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COMMONWEALTH PENNSYLVANIA v. ROBERT MCGINLEY (06/05/89)

SUPERIOR COURT OF PENNSYLVANIA


submitted: June 5, 1989.

COMMONWEALTH OF PENNSYLVANIA, APPELLANT,
v.
ROBERT MCGINLEY

Appeal from the Order of January 13, 1989 in the Court of Common Pleas of Luzerne County, Criminal Division, No. 2114 of 1988.

COUNSEL

Joseph Giebus, Asst. Dist. Atty., Wilkes Barre, for Com., appellant.

Harry P. Mattern, Wilkes Barre, for appellee.

Brosky, Beck and Cercone, JJ.

Author: Cercone

[ 386 Pa. Super. Page 549]

This is an appeal from the order of the Court of Common Pleas of Luzerne County denying appellant's petition for writ of certiorari pursuant to 42 Pa.C.S.A. § 934.*fn1 We reverse.

On June 12, 1988, appellee was charged with the summary offense of patronizing prostitutes.*fn2 A hearing on the charge was scheduled for June 27, 1988. On that date, however, a detective from the police department of the city of Wilkes-Barre, which had filed the charge following a

[ 386 Pa. Super. Page 550]

    police "sting" operation, withdrew the charge against appellee. The district justice denied appellee's objection to the withdrawal of the charge, and no hearing was held.

On July 19, 1988, the police department filed two new summary offense citations against appellee. One of the new citations charged appellee with the same offense that he was originally charged with, i.e., patronizing prostitutes, 18 Pa.C.S.A. § 5902(a). The other new citation charged appellant with an additional offense: criminal solicitation.*fn3 At the evidentiary hearing on these charges, appellee moved for dismissal of the citations. Following the hearing, on September 21, 1988, the district justice dismissed the citations on the basis that they had not been properly issued by the Commonwealth.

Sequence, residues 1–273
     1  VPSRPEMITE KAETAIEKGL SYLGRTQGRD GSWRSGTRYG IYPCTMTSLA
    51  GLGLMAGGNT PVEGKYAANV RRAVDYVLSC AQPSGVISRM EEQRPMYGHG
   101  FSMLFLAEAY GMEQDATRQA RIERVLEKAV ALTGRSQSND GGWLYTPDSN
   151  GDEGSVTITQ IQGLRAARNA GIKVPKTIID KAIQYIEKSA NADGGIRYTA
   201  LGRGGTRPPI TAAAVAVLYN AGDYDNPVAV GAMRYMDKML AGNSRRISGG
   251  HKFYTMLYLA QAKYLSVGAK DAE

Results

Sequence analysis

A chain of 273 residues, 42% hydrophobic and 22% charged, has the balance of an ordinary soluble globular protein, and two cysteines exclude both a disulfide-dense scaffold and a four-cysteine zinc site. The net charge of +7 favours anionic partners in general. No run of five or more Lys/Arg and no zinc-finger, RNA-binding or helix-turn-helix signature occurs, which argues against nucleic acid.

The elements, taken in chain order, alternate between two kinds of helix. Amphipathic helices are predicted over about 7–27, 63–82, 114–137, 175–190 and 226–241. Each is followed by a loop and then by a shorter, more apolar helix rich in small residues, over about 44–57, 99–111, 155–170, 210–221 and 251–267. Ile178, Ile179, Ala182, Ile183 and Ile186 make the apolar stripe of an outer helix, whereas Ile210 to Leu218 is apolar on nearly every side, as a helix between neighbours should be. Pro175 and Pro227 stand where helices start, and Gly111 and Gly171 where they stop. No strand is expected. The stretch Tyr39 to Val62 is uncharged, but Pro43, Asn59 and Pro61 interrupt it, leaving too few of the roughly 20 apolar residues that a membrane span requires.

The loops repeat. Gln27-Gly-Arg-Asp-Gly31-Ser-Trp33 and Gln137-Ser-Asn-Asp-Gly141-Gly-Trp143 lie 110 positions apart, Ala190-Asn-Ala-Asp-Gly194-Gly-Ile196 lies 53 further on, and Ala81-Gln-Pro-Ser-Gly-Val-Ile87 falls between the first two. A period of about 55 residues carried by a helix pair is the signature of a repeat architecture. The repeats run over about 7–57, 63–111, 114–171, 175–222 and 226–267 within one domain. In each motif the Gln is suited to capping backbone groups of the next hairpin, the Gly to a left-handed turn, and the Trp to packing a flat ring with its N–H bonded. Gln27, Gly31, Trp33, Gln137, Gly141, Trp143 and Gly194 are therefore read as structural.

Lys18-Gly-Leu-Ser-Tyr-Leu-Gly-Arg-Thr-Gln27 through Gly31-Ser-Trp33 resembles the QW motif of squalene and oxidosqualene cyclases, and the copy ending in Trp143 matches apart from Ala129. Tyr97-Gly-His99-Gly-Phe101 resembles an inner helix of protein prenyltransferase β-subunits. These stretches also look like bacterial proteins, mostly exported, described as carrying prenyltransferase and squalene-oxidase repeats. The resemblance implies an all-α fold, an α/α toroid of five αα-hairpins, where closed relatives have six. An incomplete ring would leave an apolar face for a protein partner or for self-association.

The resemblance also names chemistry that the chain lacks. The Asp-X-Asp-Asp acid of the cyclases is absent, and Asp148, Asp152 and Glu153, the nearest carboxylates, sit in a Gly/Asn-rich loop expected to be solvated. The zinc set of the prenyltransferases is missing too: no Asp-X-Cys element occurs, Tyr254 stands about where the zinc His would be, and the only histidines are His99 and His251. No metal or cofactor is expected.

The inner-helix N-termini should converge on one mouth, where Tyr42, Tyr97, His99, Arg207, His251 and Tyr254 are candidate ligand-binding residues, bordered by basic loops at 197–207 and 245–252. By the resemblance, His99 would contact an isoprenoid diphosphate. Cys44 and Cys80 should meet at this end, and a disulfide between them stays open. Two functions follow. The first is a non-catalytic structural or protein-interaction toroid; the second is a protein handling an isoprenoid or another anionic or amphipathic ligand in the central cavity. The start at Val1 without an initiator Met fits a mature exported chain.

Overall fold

Appellant [the Commonwealth] then filed a petition with the lower court for a writ of certiorari, which the lower court denied. The instant timely appeal followed.

On appeal, appellant contends that the lower court erred in finding that the withdrawal of the original charge and the filing of new citations resulted in actual prejudice to appellee under Pa.R.Crim.P., Rule 90, 42 Pa.C.S.A.*fn4 Before addressing appellant's contention, we note first, as did the lower court, that the issuance of a writ of certiorari is within the discretion of the court of common pleas in its reviewing capacity. Commonwealth v. Cook, 226 Pa. Super. 273, 276, 308 A.2d 151, 153 (1973). In addition, the appropriate method for seeking review of a district justice's dismissal of a summary charge on procedural grounds is by

[ 386 Pa. Super. Page 551]

    writ of certiorari to the court of common pleas. Commonwealth v. Reese, 364 Pa. Super. 553, 528 A.2d 647 (1987).

The lower court in the instant case denied appellant's petition for certiorari on the basis that the district justice was correct in dismissing the citations. The court found that there was sufficient evidence of record to demonstrate that appellant had not complied with the requirements of Pa.R.Crim.P., Rule 60, 42 Pa.C.S.A.,*fn5 in filing the citations with the district justice. Further, the lower court determined that the defect in procedure was prejudicial to appellee, thus permitting the district justice to dismiss under Rule 90, supra.

On appeal, the Commonwealth contends that the prejudice which the lower court found to have resulted from a defect in procedure under the summary rules was not the type of prejudice intended by Rule 90. Specifically, the lower court found that appellee had suffered actual prejudice as a result of having to appear twice at the office of the district justice for hearings, as well as having to secure legal services for the two hearings. Additionally, the lower court found prejudice in the fact that one of the new citations was for the identical charge as the previous one, while the remaining citation was for a new and separate charge requiring different proof and additional time and resources expended in defense of the charge. For the reasons which follow, we agree with appellant and reverse.